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Thailand money

Investors have been running to safety since 2008, buying up bonds and driving up prices in the process. It’s what many believe to be the grand finale to a 30-year bond bull, fueled by low interest rates that have seen bond investors benefit handsomely. The end is nigh, however. With interest rates hovering at 0, they can only go up from here. And that could burst bond investors’ bubbles.

But that’s not so for emerging markets debt. Post-2008, investors have been turning away from shaky U.S. and European debt markets and turning to developing countries as they hunt for better yields and returns. What they’re beginning to realize is that a big part of the emerging markets bond story is currency. Local currencies in some emerging markets countries have been appreciating dramatically against the U.S. dollar, creating big returns for investors. Buy the same bonds in U.S. dollars, however, and those currency returns are washed away.

Investor interest in local currency debt can be seen most dramatically in the exchange-traded fund (ETF) space. For example, last week ETF provider Van Eck Associates announced its Market Vectors Emerging Markets Local Currency Bond ETF (EMLC), launched in July of 2010, had surpassed the $1 billion mark in assets under management.

The ETF provides exposure to the JP Morgan Government Bond Index Emerging Markets Core Index which tracks bonds issues in local currencies by emerging market countries like Brazil, Chile, Colombia, Hungary and Thailand.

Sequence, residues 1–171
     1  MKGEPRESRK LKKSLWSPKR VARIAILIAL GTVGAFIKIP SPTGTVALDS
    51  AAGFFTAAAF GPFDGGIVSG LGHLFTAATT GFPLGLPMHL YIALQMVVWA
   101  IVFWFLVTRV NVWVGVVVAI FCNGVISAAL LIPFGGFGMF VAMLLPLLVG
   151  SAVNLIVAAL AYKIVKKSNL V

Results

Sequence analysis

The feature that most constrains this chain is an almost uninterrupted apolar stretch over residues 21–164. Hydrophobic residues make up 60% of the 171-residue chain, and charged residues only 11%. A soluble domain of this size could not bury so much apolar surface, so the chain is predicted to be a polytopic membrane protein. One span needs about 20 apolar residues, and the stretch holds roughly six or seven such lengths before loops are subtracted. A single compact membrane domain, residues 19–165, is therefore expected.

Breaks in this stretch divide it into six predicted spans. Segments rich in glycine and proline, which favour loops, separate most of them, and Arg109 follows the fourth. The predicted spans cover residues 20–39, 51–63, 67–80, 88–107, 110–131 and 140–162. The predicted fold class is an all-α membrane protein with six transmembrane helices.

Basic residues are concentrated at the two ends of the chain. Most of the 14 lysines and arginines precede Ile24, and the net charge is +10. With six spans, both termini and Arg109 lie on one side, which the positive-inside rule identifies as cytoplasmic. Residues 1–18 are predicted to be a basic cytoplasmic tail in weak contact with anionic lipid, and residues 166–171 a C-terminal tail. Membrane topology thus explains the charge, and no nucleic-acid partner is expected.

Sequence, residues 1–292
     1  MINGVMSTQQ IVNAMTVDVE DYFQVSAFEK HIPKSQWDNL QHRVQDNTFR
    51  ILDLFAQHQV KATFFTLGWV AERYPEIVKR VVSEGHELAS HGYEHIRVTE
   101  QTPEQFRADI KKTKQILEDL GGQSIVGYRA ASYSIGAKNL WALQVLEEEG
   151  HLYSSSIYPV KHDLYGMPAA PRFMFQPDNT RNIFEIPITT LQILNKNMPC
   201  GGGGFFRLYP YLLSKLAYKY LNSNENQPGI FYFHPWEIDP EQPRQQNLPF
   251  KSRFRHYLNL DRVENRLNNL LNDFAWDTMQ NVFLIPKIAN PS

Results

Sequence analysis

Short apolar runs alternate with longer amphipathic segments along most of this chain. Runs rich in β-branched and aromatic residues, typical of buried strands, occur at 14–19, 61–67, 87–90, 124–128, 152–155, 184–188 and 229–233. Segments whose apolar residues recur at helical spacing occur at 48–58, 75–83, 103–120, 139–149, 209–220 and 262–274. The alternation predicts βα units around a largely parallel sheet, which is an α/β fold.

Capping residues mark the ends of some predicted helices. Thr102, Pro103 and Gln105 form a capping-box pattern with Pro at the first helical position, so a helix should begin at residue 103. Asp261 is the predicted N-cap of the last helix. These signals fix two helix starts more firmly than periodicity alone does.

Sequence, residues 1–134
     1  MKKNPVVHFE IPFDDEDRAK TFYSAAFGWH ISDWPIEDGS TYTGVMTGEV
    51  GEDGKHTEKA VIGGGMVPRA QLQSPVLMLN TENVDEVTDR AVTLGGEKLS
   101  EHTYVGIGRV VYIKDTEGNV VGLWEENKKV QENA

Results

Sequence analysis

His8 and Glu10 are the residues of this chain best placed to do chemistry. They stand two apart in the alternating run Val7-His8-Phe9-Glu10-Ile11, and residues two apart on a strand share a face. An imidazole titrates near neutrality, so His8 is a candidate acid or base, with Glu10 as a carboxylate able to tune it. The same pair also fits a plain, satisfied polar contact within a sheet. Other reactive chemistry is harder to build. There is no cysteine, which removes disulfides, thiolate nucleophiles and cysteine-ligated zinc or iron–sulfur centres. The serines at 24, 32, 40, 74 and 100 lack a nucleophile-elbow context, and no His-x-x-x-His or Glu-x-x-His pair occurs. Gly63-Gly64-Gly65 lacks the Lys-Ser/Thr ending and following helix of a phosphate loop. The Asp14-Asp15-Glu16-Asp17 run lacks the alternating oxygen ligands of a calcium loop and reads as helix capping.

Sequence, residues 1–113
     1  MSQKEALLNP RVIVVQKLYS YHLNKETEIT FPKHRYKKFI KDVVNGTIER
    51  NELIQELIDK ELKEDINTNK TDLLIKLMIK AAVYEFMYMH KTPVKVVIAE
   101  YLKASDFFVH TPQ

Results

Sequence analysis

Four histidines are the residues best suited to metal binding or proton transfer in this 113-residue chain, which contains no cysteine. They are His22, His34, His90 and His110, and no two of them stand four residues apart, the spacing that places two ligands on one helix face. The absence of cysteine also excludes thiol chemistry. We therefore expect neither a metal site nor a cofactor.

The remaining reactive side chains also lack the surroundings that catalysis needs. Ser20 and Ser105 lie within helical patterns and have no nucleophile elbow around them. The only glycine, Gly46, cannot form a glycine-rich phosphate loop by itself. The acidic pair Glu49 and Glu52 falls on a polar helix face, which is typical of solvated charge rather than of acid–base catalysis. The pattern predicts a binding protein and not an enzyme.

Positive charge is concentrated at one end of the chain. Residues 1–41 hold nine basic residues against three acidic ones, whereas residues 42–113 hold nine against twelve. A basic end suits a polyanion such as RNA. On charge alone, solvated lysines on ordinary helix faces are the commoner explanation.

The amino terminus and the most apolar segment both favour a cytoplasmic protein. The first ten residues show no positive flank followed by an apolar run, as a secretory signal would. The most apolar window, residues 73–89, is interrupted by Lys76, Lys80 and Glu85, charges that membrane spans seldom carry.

Other local currency bond ETFs have similar stories to tell–Wisdom Tree has drawn $1.39 billion in assets since launching its WisdomTree Emerging Markets Local Debt Fund (ELD) in August of 2010. And the iShares Emerging Markets Local Currency Bond Fund (LEMB), launched in October of 2011, is reporting an inflow of $155 million in the past month alone for total assets under management of $364.79 million.

These ETFs show how quickly the local currency emerging markets debt trend is taking hold as return hungry bond investors look for additional yields and that important return bump from currency appreciation. Going local is a good way to tap the emerging markets growth story, and these ETFs are another way to get access.

Caroline Cakebread is editor of Canadian Investment Review and based in Toronto.
© Copyright 2014 Rogers Publishing Ltd. Originally published on benefitscanada.com

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